However, the presence of SARS-CoV-2 genetic material in stool does not necessarily indicate infection or disease. A few studies have attempted to detect viable, infectious virus from stool with mixed results; three studies reported the detection of live virus (Study 1, Study 2, Study 3) in stool and one reported no detection of live virus despite detection of SARS-CoV-2 genetic material (Study 3). There is some evidence the virus may be inactivated by the harsh conditions present in the human colon. Please refer to this resource which explains how the virus is detected in faeces, this resource to understand why a respiratory virus would be detected in faeces, and this resource to understand the risk of faecal-oral transmission of COVID-19.

How do we detect COVID-19 in human faeces?

The disease COVID-19 is caused by the virus SARS-CoV-2 which can be detected in faeces. Current detection methods rely largely on molecular techniques to identify  unique genetic material for the virus, SARS-CoV-2 . Genetic material can be detected in both viable (“living”) and non-viable or inactivated (“killed”) viruses so its detection does not mean the individual is necessarily infected or that the faeces is infectious.

It is possible to detect viruses using culture-based techniques, which provide information on the viability of the virus, but  these methods are more difficult, particularly for SARS-CoV-2, and time-consuming than most molecular techniques, which is why they are less frequently used.

How do we conduct surveillance for COVID-19 in wastewater and sludge?

Research is underway to develop and test methods for surveillance of genetic material from SARS-CoV-2 in wastewater and sludge. In contrast with case-based surveillance which generally only detects symptomatic COVID-19 cases, surveillance of wastewater and sludge would detect SARS-CoV-2 originating from both symptomatic and asymptomatic cases. Such surveillance can potentially be used to estimate prevalence at community level, identify a future surge or second wave of cases, identify regions where individual-level testing is inadequate, and eventually monitor uptake of vaccines. Similar techniques have been used in the global effort to eradicate polio. However, further research on methodology (sampling, analytical techniques, modelling) and interpretation of data is needed before this approach can be used to inform public health strategies. This approach is a complement to and not an alternative to testing in humans which remains important. To learn more about environmental surveillance of SARS-CoV-2 in wastewater, please read the WHO technical brief.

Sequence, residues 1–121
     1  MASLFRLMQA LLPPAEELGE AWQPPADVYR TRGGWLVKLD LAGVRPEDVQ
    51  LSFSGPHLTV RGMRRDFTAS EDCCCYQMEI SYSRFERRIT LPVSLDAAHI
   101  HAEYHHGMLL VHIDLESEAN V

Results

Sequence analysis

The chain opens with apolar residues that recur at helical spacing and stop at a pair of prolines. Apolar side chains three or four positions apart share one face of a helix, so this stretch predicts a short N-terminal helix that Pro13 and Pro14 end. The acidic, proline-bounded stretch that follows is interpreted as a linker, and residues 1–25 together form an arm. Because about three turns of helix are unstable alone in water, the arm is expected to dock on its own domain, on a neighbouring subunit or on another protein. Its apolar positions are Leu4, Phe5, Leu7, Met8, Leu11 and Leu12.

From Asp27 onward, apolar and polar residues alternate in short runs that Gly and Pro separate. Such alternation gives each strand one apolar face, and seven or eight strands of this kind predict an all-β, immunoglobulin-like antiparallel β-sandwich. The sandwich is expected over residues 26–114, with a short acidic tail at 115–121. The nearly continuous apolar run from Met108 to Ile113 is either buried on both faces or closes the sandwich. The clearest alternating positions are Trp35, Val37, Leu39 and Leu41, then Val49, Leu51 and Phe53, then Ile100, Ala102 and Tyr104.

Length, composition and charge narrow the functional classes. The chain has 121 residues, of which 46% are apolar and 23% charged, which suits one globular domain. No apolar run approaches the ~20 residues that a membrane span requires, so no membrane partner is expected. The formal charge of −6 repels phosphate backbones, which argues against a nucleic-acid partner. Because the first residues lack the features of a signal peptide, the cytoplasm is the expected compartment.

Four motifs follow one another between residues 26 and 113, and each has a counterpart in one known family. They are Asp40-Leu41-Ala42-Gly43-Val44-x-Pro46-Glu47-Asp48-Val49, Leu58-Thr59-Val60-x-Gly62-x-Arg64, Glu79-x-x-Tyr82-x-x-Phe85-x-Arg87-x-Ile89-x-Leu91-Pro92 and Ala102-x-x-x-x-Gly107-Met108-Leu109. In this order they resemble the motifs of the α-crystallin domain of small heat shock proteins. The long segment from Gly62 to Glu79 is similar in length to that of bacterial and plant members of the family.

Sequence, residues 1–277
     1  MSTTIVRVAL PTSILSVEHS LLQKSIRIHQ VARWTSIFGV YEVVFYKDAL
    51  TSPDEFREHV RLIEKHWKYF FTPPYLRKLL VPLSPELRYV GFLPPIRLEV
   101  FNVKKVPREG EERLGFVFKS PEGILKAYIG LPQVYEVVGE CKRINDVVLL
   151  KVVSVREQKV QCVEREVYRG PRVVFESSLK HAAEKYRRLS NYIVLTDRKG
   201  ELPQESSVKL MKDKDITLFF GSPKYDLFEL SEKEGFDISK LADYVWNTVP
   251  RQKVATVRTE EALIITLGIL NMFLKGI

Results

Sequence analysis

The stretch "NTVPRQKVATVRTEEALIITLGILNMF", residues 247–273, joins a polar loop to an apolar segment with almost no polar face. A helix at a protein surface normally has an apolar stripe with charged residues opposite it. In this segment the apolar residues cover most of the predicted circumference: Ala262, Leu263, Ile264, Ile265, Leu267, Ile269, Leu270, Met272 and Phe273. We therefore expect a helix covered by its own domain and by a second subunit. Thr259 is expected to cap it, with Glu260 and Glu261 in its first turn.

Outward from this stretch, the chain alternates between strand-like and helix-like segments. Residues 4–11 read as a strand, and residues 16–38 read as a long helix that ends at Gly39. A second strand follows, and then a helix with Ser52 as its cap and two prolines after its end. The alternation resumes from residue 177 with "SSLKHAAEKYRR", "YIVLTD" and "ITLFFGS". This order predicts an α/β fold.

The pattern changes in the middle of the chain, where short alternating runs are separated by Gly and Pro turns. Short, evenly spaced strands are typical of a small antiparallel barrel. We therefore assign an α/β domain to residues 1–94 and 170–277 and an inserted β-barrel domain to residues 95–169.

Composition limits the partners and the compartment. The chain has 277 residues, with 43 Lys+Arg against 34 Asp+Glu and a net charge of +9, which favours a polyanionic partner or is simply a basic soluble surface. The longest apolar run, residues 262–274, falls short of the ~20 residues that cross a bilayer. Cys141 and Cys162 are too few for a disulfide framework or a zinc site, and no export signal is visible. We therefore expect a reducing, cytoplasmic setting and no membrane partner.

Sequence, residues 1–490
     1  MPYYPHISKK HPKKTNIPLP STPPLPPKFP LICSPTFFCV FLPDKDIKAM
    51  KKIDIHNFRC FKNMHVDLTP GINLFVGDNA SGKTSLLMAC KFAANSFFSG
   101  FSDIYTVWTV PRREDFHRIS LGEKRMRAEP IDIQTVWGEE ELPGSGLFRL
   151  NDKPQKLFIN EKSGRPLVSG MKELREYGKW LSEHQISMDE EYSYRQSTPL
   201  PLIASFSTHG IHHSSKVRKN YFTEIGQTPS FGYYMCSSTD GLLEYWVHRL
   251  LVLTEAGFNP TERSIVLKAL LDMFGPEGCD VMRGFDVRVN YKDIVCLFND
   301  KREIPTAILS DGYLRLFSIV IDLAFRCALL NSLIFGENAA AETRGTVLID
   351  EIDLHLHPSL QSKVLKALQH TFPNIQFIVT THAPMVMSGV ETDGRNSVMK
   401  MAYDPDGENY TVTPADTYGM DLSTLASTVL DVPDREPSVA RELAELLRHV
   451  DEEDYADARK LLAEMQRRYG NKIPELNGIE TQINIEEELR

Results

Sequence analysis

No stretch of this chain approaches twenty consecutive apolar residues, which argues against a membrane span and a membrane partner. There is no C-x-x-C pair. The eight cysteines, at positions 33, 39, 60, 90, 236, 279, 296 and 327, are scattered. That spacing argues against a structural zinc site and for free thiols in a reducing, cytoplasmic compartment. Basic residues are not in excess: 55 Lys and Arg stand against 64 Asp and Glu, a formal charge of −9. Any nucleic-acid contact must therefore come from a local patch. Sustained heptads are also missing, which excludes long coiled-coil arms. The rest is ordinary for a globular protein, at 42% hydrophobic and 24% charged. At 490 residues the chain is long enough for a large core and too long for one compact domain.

If COVID-19 is a respiratory disease, why would it be detected in faeces?

Many viral respiratory infections (e.g. Severe Acute Respiratory Syndrome [SARS], Middle East Respiratory Syndrome [MERS], Influenza, Adenovirus) are detectable in faeces as these viruses can cause infection in the gastrointestinal system.  Individuals may also ingest the virus by swallowing their own nasal or respiratory secretions (if infected) or those of an infected individual, or by swallowing material from contaminated environments, such as food or water.  

There is presently inconclusive evidence as to whether infection of the GI system with SARS-CoV-2 occurs. Several studies have shown that infection of the GI system appears to be possible (Study 1, Study 2, Study 3) and one study has detected SARS-CoV-2 genetic material in samples of the oesophagus, stomach, duodenum and rectum of two patients with severe cases of COVID-19. Reports of GI symptoms from COVID-19 patients also suggest the virus may infect the GI system. There is some evidence that SARS-CoV-2 may not survive the harsh conditions of the gastrointestinal tract (specifically the colon), potentially explaining why few studies have detected infectious virus in faeces. More evidence is needed to confirm if and to what extent COVID-19 is transmitted by faecal-oral routes. However, even if faecal-oral transmission is possible, its relative importance as a transmission route is likely to be limited compared with person to person transmission via respiratory droplets and surfaces.

Are there special considerations for sanitation and COVID-19?